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After the fire: Territory coping with Lytton recovery

Residents of the Village of Lytton and Lytton First Nation were forced to flee the fire in June, and have relocated to surrounding municipalties.

September 27, 2021

By Janice Biehn

When fire destroyed the village of Lytton and Lytton First Nations on June 30, 2021, the Territory of the People’s local priests, wardens and parishioners sprang into action helping neighbours. The Parish Hall at All Saints, Shulus near Merritt stayed opened 24 hours a day to provide a gathering place for families and a place to get a meal. Discretionary funds from Territory parishes, the wider church and an emergency grant of $5,000 from PWRDF were disbursed. “Those funds were given as discretionary funds to the local parish, so the priest and the Warden and the treasurer and others in the parish have had the autonomy to help people directly,” explains the Rt. Rev. Barbara Andrews, who was the territory Bishop until she retired in April 2020, but was appointed Interim Financial Officer just weeks before the fire. “Most of those funds went out as cash for gas, food, meals in restaurants, furnishings and to those who need help with rent.”

In the meantime, donors continued to give to PWRDF, totalling more than $40,000 to date. “We have not requested those funds yet because we know they’re going to be really needed on an ongoing basis,” says Bishop Andrews. With donations coming directly to the territory totaling more than $65,000, Bishop Andrews says funding is in place for the short-term. “Right now we’re okay, but give us a couple of months and we’ll be really ready.”

She should know. A veteran of fires in 2017, 2018 and 2019, Bishop Andrews says it doesn’t take long before funds from the Red Cross and other organizations run out. “As soon as it’s off the front page, people forget about it, and that’s where I think the church really shines, because we know the people. Our learning from other fires has been to use the local people on the ground to make decisions. Even sitting in Kamloops, we don’t really know how to make those decisions.”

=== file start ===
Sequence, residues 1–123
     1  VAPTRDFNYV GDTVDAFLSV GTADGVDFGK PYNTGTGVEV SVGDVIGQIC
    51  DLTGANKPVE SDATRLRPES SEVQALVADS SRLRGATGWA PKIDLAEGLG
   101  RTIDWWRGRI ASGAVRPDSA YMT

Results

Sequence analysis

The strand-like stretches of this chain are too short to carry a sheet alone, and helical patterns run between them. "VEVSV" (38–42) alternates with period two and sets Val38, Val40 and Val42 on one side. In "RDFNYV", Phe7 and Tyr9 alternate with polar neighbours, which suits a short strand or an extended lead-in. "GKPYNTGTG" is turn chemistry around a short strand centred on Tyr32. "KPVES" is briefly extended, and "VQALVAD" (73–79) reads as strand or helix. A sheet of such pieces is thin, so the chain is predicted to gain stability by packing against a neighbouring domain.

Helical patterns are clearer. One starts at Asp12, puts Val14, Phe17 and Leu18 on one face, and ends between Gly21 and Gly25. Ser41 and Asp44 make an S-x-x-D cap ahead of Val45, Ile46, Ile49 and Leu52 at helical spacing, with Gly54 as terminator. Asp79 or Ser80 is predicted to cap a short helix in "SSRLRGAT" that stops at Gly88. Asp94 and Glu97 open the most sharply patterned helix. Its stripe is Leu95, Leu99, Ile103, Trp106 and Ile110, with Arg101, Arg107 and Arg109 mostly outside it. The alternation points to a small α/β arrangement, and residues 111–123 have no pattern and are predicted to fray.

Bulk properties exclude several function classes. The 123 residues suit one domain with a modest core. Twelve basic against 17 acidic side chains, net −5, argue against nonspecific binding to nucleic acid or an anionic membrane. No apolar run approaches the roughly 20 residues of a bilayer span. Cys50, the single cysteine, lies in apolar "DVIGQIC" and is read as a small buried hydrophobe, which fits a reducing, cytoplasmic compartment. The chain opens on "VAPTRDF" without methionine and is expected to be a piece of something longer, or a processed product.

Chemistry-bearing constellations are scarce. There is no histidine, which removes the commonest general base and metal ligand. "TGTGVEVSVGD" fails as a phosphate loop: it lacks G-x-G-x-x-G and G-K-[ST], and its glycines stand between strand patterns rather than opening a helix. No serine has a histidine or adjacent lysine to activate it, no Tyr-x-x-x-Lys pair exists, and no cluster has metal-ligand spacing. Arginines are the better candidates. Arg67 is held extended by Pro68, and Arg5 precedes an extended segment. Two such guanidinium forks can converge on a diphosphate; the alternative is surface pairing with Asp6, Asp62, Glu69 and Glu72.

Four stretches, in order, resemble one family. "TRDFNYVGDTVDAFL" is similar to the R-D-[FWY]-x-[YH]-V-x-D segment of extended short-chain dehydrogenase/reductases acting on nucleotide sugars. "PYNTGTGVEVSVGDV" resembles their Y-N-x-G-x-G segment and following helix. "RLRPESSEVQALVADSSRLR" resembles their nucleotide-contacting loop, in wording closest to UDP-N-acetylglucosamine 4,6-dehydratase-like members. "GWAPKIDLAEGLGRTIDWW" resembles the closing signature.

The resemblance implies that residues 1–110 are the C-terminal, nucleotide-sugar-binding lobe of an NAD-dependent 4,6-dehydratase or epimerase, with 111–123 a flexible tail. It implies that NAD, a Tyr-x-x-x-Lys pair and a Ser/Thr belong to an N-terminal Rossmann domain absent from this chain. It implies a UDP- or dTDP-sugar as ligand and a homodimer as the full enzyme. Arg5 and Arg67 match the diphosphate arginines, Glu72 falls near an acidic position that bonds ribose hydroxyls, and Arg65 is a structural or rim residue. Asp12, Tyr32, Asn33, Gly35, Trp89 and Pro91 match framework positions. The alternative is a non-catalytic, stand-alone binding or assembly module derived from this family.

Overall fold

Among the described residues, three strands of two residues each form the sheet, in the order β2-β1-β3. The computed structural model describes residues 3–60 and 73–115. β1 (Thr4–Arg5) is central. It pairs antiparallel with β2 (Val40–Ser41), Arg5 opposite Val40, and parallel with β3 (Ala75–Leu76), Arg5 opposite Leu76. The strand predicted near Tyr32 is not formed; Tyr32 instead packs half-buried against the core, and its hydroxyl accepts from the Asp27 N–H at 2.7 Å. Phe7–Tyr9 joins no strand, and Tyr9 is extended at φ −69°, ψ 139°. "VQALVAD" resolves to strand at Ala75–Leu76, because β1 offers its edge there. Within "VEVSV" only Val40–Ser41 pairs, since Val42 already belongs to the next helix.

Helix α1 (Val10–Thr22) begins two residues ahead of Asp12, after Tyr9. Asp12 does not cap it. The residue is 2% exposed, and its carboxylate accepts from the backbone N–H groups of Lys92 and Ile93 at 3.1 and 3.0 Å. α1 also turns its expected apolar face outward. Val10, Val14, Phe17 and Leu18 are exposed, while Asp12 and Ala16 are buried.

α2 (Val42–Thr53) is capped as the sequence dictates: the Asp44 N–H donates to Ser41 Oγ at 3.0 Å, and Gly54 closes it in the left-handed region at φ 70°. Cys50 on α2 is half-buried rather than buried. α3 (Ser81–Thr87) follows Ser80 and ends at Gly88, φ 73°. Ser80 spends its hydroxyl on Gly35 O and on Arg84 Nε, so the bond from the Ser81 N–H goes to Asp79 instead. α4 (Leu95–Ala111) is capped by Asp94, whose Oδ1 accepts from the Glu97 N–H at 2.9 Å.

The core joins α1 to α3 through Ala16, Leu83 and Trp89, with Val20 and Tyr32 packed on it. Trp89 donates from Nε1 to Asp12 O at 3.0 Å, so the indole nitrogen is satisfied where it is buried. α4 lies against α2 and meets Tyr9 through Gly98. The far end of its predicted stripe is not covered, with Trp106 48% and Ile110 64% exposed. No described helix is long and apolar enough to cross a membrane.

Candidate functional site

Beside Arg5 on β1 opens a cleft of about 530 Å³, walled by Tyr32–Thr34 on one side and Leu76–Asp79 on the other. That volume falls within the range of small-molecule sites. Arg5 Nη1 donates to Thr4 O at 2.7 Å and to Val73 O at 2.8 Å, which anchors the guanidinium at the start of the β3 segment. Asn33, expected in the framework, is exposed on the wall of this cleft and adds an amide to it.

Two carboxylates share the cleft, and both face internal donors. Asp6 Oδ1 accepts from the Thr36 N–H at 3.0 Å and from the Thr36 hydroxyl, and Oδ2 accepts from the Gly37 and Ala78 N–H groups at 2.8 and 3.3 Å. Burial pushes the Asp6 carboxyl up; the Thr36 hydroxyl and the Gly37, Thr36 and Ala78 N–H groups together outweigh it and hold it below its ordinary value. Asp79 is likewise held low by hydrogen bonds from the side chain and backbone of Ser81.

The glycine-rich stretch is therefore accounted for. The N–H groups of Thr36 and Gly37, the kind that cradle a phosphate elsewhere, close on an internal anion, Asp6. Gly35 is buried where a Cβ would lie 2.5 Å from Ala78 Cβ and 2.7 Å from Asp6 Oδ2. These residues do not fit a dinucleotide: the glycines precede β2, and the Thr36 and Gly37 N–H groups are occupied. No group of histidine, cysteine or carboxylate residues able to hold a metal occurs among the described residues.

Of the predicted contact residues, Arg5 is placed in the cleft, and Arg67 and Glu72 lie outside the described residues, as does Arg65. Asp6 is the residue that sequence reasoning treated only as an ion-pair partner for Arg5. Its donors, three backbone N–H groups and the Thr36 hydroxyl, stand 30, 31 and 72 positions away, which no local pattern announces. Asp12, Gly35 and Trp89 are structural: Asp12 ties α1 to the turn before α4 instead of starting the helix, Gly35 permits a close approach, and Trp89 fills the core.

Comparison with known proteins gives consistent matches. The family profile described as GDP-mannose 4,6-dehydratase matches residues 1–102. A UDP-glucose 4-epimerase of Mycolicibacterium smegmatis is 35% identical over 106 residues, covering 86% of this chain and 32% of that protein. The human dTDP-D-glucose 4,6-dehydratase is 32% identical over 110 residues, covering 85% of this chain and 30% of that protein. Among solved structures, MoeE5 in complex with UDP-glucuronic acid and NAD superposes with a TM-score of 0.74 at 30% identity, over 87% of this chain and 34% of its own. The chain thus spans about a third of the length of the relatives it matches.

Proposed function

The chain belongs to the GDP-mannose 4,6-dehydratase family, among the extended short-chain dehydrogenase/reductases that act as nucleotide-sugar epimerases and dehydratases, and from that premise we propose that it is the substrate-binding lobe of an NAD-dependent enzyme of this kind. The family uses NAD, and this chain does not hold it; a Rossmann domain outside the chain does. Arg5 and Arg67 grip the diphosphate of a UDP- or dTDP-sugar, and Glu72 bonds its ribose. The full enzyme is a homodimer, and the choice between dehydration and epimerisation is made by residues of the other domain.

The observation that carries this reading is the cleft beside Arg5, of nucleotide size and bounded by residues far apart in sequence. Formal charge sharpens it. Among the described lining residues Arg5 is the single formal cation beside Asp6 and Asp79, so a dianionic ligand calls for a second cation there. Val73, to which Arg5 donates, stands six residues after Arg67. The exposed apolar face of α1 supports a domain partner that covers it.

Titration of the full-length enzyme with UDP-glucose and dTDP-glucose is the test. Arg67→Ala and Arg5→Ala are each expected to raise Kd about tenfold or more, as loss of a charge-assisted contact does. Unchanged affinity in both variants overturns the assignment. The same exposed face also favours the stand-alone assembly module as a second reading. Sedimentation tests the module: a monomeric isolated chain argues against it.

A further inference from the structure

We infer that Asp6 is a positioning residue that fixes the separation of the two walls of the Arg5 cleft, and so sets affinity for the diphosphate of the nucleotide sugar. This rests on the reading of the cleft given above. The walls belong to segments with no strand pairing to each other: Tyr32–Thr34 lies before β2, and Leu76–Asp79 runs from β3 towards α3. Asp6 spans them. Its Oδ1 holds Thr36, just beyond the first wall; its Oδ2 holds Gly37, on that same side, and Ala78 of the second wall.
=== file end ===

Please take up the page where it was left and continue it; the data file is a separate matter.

After the 2018 fire, for example, PWRDF donations were crucial in helping families replace furniture. “We had a very simple application form that could be signed by anyone in the parish, verifying that the person was in need. The local committee said the priority was the 10 families who lost their houses in the Ashcroft reserve. The Band Council member put me in touch with the community development officer who asked us to hold the funds until they received their new houses. I don’t think we declined anyone, and people received $1,500 – $3,000 for new furniture.”

To make decisions in the Lytton recovery, the territory recently named the following local people to the newly established Lytton Fire Fund committee:

  • Peggy Chute, the parish treasurer, who lost her home and is current living at the lower mainland,
  • John Haugen, a warden and member of the Anglican Committee of Indigenous People (ACIP), who lost his home and is living in Boston Bar,
  • Amy Charlie, a Pastoral Elder, who has been evacuated twice this summer,
  • The Rev. Angus Muir, the local priest and on evacuation alert until the end of August,
  • Heather White-Aie, a local school teacher and also on evacuation alert until the end of August. 

More than 1,200 people took refuge with family and friends, in hotels, evacuation centres and campgrounds throughout B.C. People have relocated throughout the region to Merritt, Kamloops, Chilliwack, Abbotsford and other communities. “This spreading out has made it hard for people to stay in touch with family and friends,” says Bishop Andrews. Those who lost their homes have no central place to gather or to learn what is going on back home.

Lytton Parish leadership – despite losing their own homes and all financial and parish records – have been among the scattered, and have found creative ways to visit with neighbours and offer support to those who need assistance across the province. “This is our home, and what makes it special is the people,” says Ernie Michel, a Pastoral Elder in training.

The loss of community is also devastating to those in the surrounding area and on the west side of the Fraser River. All their central services were located in the village of Lytton. A trip for groceries or to the bank now means an hour or more drive. Those without transportation and resources are finding it a challenge to just maintain day-to-day life, and parish leadership continues to provide transportation whenever possible. 

St. Mary and St. Paul church, destroyed in the fire.

They continue a ministry of presence, listening and giving help where they can. “More often than not we hear from people, ‘We are okay now but we will need help to find housing soon,’ or ‘Can you help my friend, family or neighbour who has greater needs than me?’” Many people do not have access to a phone to communicate with the wider community and local folks are doing the best to help connect people with family, friends, potential landlords, the bank and employment. 

The historical St. Mary and St. Paul (left) located on Lytton First Nation land, was totally destroyed. Known locally as the Cathedral of the Nlaka’pamux, a great many artifacts and piece of Anglican Church history were lost.

However, St. Barnabas Anglican Church, Parish Hall and Rectory remain standing with surprisingly minor damage to the outside. It appears that as one of the few buildings left in the community it will become an important gathering place for the community.